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Schools to get exit from testing?

Molly Shore

Local high school students who have yet to take the California high

school exit exam will get a reprieve -- for now.

State Supt. of Public Instruction Jack O’Connell, who sets the


dates of the exam, has canceled next month’s administration of the

test and recommended to the state board that students in the classes

of 2004 and 2005 not be required to pass the test to graduate.

The state board is expected to vote on the recommendation when it


meets July 9 and 10. Approval of the recommendation could save the

state about $1.3 million in costs associated with administering the

exams, said Rick Miller, spokesman for the state department of


"[O’Connell] never would have done this unless he strongly

believed it would happen,” Miller said.

In anticipation of the board’s vote, O’Connell also announced

Friday that he is canceling the September and November tests, which


focus on reading and math skills.

Burbank Unified School District administrators were not thrilled

about the sudden cancellation.

“I feel it’s a mistake,” said Alexis Sheehy, the district’s

assistant superintendent for instructional services. “We have already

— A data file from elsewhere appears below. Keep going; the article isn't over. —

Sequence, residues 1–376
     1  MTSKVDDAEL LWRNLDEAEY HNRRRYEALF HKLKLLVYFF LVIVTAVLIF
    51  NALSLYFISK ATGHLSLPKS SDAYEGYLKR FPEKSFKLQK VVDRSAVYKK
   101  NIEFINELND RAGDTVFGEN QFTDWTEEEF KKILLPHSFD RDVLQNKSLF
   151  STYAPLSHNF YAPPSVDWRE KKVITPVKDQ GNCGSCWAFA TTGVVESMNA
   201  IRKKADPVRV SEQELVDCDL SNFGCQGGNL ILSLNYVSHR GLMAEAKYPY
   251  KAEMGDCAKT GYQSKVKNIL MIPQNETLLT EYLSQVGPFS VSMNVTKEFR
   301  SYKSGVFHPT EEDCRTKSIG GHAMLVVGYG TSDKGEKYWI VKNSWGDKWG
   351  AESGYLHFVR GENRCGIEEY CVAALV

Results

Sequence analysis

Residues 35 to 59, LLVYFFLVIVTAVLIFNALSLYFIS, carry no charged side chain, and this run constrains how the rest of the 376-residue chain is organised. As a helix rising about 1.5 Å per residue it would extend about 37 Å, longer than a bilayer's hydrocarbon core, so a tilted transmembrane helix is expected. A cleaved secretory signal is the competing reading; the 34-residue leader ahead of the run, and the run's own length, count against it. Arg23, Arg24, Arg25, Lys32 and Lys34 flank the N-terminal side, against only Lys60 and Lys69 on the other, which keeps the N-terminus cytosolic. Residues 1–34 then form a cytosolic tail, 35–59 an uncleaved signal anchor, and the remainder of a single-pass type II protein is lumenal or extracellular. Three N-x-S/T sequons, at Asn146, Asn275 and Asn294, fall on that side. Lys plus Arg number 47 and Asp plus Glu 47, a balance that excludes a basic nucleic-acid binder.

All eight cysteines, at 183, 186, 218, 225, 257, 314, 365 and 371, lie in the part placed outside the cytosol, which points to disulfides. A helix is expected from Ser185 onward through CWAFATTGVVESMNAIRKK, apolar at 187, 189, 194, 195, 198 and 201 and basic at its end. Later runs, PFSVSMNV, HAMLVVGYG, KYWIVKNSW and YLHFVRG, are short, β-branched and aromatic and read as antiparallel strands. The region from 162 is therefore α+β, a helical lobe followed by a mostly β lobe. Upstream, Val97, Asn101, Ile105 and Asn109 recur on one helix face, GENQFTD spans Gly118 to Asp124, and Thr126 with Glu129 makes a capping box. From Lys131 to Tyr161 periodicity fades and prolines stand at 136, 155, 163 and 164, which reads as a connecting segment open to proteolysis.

put standards into place.”

An independent evaluation by a Virginia company found that the

exam is sound, and provides a good indicator of California public


school standards, said Miller, who acknowledged that the evaluation

also indicated that the classes of 2004 and 2005 have not had enough

time to learn the basics.

If the exams are postponed until 2006, the district will be forced

to cancel classes designed specifically to prepare students for

testing, Sheehy said.

However, she added, postponement of the exams will not stop the

district from providing help to those students who need it.

It sends a mixed message and a wrong message to postpone it,”

Sheehy said. “For the kids in 2006, what guarantee do they have that

it will be implemented in 2006?”

The timing of the cancellation is troubling to Caroline Brumm, the

district’s coordinator of student and program evaluation.

“I know the state is involved in very complex decisions about the

budget,” Brumm said. “But it seems this [decision] could have been

made sooner.”